The best thing about autumn is the abundant fresh produce that suddenly appears in the fresh market one weekend. It seems to be an overnight thing – like a timer going off, the vegetables and fruit, quietly maturing all summer, suddenly announce, “I’m done!”
Today, I thought I’d take you on a small tour of the local market I frequent on Sundays:
I didn’t take many pictures. The largest boy suffered agonies of embarrassment at my whipping out the camera for a few sneaky pics, and made his feelings clearly known. Which made it…difficult. Sigh. Ah the teenage years – filled with such awkwardness!
A few close-ups of the tempting goodies:
I can’t help but think of pretty, hand-dyed yarn when I look at the colours in all the fruit and vegetables…
There is an adjacent section to this market that sells cooked food and meat, and just next to the open market (held in what is normally a car park), there is an indoor area that sells more of the speciality foods. I haven’t taken any pics. Sorry!
I couldn’t help myself and came home with more plums to make jam. These are Omega plums. Last week I used Black Doris, so I thought I’d see how my favourite eating plum came out in comparison.
Omega plums produce a much lighter jam, both in colour and flavour – softer and more rounded. In comparing the two varieties, I think the Black Doris produces a richer, more flavoursome jam, with a deep, dark colour and tangy, piquant sweetness. I don’t think anyone will really mind which variety it is when they’re eating the jam though. Both are delicious.
In contrast to my last jam making episode, this time, I had an eager little volunteer ‘taster’ at my elbow. ;-) Good to know he’s discovered what’s good!
Wouldn’t this apple colouring make pretty sock yarn?
As the apples are starting to come out too now, I got these to make into pie (or perhaps cake, we shall see. I was too busy making other stuff this weekend to bake it).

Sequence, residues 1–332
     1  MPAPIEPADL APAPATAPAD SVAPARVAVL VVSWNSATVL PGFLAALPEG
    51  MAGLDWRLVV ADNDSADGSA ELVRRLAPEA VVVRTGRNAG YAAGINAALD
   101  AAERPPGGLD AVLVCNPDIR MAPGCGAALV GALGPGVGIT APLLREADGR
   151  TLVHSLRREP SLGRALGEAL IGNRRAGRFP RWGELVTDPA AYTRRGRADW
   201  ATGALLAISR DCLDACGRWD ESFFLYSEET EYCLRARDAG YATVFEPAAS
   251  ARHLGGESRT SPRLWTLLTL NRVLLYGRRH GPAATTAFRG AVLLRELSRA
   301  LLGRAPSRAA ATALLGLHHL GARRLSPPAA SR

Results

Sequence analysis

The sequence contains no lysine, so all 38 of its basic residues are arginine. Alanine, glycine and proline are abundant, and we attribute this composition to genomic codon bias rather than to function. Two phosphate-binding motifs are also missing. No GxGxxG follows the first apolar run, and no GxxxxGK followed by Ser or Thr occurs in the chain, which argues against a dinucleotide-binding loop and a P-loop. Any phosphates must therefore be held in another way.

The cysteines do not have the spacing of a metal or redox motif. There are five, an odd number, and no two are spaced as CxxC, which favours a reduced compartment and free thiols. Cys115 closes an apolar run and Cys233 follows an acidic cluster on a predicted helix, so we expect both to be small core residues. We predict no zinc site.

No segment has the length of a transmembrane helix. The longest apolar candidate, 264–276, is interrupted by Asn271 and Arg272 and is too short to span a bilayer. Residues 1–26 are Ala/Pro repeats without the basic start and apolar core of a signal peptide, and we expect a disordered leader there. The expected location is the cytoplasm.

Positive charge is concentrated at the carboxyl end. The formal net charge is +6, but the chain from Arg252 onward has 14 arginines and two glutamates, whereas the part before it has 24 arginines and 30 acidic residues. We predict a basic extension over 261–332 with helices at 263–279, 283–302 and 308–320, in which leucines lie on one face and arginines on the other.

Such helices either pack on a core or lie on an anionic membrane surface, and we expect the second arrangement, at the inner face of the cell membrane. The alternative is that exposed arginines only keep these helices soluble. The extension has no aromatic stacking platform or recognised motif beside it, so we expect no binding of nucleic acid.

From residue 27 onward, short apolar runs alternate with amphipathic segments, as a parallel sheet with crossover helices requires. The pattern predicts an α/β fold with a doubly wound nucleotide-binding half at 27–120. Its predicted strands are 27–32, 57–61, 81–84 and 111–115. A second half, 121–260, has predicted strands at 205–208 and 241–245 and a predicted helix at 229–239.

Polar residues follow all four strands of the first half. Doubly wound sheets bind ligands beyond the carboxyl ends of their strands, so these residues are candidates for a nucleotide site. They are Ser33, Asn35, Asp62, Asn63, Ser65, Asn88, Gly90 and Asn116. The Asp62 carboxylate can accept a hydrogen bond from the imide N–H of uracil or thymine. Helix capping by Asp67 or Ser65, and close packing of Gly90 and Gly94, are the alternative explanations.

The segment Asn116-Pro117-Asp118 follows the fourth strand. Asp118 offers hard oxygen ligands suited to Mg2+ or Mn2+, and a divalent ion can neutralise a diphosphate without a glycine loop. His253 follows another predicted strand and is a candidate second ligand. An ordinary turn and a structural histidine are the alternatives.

The majority of the stalls at this market are run by holders who only grow a small portion of the vegetables they sell. Most of the produce comes from the wholesale markets. However, interspersed between these are a few of the true “grower, seller” stalls.
One such “grower, seller” is the apple seller. She’s only at the market during the apple season, and drives several hours from the orchard to the market every weekend between now and August (when the apples finish). Her apples are more expensive than the average stall, but oh boy! they taste so much nicer. You have to be quick to get her apples – they sell out very quickly. I didn’t see her this week until too late. Next weekend will be a different story though!
When I was a teenager, we had a largish property with several varieties of apple tree growing on it. I thought all apples were as crisp and sweet and tasty as the ones that grew on those trees… until I left home and got supermarket ones (bleck!) Well, this lady’s apples taste just like the ones I picked off the tree in the morning and stuffed into my bag for lunch as I cycled down the drive to school.
There’s a bit of an art to successful market shopping. First, you do a round of the entire market, examining the produce for quality and price. Then, you home in on the stalls selling the produce you want at the price you want. I’ve got it down to a fine art – we usually don’t spend more than half an hour there. The savings are enormous though.
What shall I get next week? I’m thinking pear chutney might be nice…?